Graham Warwick/WASHINGTON DC

The US Air Force is restructuring the Lockheed Martin/Boeing F-22 Raptor flight test programme to recover a substantial shortfall in test flying due to delays in aircraft deliveries.


Test aircraft accumulated only 324h of a planned 590h last year. Flying was constrained by late delivery of aircraft; canopy transparency cracks; flaperon repairs; problems with aileron hinge pins, the environmental control system and emergency arrester hook; and inlet delamination inspections.

To date, since the first flight in September 1997, F-22s have accumulated around 900h of 3,760h testing planned by the completion of engineering and manufacturing development (EMD), scheduled for August next year.

Acknowledging the slow pace of flight tests, the USAF says it is revising plans for airframe, avionics and logistics testing. The plans are to be finalised by mid-April.

Only 2h of 300h avionics flight-testing planned for last year were accomplished, says a critical US General Accounting Office (GAO) report. Almost 1,900h of avionics testing remains to be completed by August next year.

The GAO recommends low-rate initial production (LRIP) of the F-22 be limited to 10 a year until completion of initial operational test and evaluation (IOT&E). Current plans call for procurement of 10 in fiscal year 2001, 16 in FY02 and 24 in FY03, with full 36-a-year production beginning in FY04.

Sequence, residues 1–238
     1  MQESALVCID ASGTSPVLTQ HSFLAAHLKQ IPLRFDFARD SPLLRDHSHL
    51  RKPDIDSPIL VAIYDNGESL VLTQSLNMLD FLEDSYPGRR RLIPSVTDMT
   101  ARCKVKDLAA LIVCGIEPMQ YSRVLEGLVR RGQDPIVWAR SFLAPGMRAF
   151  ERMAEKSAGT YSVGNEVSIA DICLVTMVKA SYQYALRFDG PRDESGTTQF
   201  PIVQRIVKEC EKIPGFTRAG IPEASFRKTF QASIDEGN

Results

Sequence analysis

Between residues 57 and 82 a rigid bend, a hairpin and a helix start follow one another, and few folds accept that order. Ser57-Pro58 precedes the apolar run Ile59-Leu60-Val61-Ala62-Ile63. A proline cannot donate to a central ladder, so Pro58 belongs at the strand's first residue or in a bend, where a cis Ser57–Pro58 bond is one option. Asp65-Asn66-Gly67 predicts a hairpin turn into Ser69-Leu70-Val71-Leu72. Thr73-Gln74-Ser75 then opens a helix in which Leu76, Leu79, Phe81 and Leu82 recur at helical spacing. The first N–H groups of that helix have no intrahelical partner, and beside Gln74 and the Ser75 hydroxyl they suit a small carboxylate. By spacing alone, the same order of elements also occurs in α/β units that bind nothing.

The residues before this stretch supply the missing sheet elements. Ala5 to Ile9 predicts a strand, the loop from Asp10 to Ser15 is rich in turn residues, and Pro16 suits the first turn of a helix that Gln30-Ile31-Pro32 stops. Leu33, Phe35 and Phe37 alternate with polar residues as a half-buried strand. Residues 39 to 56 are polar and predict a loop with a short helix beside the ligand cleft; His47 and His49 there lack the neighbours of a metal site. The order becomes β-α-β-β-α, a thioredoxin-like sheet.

A flight test Tiger Team formed by the USAF has recommended slipping the start of IOT&E by four to six months from August next year to provide more time for flight testing. Other recommendations include adding a fourth mission control team at the Edwards AFB, California, flight-test site to increase the sortie rate from eight to 10 a week.

The US Department of Defense Director of Operational Test & Evaluation believes IOT&E may have to be delayed by nine months to a year to complete required testing. This would jeopardise the December 2005 initial operational capability (IOC) date.

Four F-22s are at Edwards, and all nine development aircraft are to be delivered by the end of the year. While production approval has been delayed by the Bush Administration's defence review, the USAF says limiting LRIP to 10 a year will increase cost and delay IOC.

Source: Flight International